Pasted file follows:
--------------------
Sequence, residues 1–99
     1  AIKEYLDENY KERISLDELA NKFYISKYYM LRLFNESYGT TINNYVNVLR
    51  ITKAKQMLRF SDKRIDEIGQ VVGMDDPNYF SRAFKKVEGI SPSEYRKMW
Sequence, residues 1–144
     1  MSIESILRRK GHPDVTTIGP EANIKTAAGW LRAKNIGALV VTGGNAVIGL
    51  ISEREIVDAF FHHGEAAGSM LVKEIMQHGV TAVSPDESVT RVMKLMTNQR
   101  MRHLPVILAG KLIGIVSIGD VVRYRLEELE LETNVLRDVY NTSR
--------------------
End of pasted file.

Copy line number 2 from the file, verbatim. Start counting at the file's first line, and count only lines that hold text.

     1  AIKEYLDENY KERISLDELA NKFYISKYYM LRLFNESYGT TINNYVNVLR